But the real problems in China’s power sector lie in the far south of the country, where prolonged drought has seen sustained and continuing drops in the levels of reservoirs. The South China Grid spans five provinces, from west to east: Yunnan, Guizhou, Guangxi, Guangdong and Hainan. Though Guangdong Province possesses about 50% of this region’s generating capacity, most of which is thermal, it relies on imports of electricity from the provinces to the west where about 50% of the capacity takes the form of hydro-electricity.
Already in January, Yunnan Province stated that its exports of power to other provinces would be reduced by nearly 10% in 2010 as it struggles to meet its own demand which rose by 15% in 2009. By February, hydro-electricity production was 24% lower than in the same month last year, and the province may need to import electricity from the east.
Guizhou had been expecting to export more power to Guangdong this year, for 8 GW out of its total of 25 GW generating capacity is for export. Yet the Guizhou Qianyuan Power Company has said that the water flow to its hydro-electric plants fell by between 30% and 60% in the first three months of the year.
In Guangxi Province, China’s second largest hydro-electric dam, the Longtan Power station with a capacity of 6.3 GW, could be forced to stop generating by the end of April. In the first three months of 2010, this plant generated 60% less electricity in than in same period last year.
Meanwhile Guangdong Province is seeking emergency power supplies from Hong Kong as demand for electricity has risen by 20% in the first two months of the year compared to the same period in 2009.
Though the South China Grid is now connected to the national grid and can import electricity from provinces to the north, these provinces too are being hit by the drought. In Sichuan Province, for example, the Xichang Power Company is generating 40% less power than same period last year.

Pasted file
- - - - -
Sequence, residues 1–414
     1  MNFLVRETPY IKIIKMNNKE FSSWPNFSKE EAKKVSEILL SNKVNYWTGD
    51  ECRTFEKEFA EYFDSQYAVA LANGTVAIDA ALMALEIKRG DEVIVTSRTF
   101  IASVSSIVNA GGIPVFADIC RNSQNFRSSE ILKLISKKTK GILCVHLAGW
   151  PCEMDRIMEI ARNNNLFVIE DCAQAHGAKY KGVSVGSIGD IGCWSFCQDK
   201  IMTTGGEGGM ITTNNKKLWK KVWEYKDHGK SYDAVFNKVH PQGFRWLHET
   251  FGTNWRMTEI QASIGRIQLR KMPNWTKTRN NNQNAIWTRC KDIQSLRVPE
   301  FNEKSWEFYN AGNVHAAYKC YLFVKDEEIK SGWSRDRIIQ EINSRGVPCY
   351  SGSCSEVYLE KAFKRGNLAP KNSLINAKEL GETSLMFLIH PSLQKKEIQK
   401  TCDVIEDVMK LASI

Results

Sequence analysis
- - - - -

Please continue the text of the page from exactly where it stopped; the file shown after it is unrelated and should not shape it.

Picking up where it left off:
Although the situation will be eased gradually once the rains arrive in May, there is almost certain to be severe shortages of electrical power throughout the hot summer period when demand reaches an annual peak. These shortages will most probably effect not only much of southern China but also some of the coastal provinces of eastern China.
Though the thermal power plants can raise their output hours in an attempt to compensate, their ability to do so will be constrained by the capacity of the coal industry to extract and deliver the additional required coal supplies to the power stations. Given that the coal industry is already having to raise annual production by about 300 million tonnes from the three billion tonnes in 2009, raising this level of production yet further is likely to be difficult. The constraints on transporting this coal from the north of the country to the south are even greater.
As a consequence of these shortages, the international energy markets should therefore expect to see an increased demand for both coal and oil. Additional coal will be needed to address the need to run the coal-fired plants in southern China for more hours than usual during the wet summer months. Additional oil will be needed if the manufacturers in Guangdong and other provinces react to the power shortages by purchasing and operating diesel generators in order to keep their businesses running. This is exactly what they did in 2003 and 2004 when most of the county was gripped by prolonged power shortages. As a result, oil imports to China rose by more than 30% each year, taking the international markets by surprise.
The lesson is: in order to forecast oil imports to China, do not just look at the transport sector, look at the power sector.
Philip Andrews-Speed is Professor of Energy Policy at the Centre for Energy and Mineral Law and Policy at the University of Dundee, Scotland.